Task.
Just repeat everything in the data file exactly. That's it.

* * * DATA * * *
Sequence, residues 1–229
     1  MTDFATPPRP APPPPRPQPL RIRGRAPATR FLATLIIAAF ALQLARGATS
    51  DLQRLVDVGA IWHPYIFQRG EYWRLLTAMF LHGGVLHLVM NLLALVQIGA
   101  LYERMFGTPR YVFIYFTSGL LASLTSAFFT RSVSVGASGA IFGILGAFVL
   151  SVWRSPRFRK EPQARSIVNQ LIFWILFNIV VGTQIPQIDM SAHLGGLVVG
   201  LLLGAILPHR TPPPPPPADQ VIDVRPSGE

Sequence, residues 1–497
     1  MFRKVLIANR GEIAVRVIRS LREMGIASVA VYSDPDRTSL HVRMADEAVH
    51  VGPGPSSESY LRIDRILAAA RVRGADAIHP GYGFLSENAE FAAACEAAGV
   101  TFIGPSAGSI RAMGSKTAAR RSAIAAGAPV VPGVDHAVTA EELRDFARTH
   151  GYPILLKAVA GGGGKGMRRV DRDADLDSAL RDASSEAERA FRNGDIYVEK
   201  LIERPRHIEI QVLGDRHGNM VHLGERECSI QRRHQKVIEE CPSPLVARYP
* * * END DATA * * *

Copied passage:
Sequence, residues 1–229
     1  MTDFATPPRP APPPPRPQPL RIRGRAPATR FLATLIIAAF ALQLARGATS
    51  DLQRLVDVGA IWHPYIFQRG EYWRLLTAMF LHGGVLHLVM NLLALVQIGA
   101  LYERMFGTPR YVFIYFTSGL LASLTSAFFT RSVSVGASGA IFGILGAFVL
   151  SVWRSPRFRK EPQARSIVNQ LIFWILFNIV VGTQIPQIDM SAHLGGLVVG
   201  LLLGAILPHR TPPPPPPADQ VIDVRPSGE

Sequence, residues 1–497
     1  MFRKVLIANR GEIAVRVIRS LREMGIASVA VYSDPDRTSL HVRMADEAVH
    51  VGPGPSSESY LRIDRILAAA RVRGADAIHP GYGFLSENAE FAAACEAAGV
   101  TFIGPSAGSI RAMGSKTAAR RSAIAAGAPV VPGVDHAVTA EELRDFARTH
   151  GYPILLKAVA GGGGKGMRRV DRDADLDSAL RDASSEAERA FRNGDIYVEK
   201  LIERPRHIEI QVLGDRHGNM VHLGERECSI QRRHQKVIEE CPSPLVARYP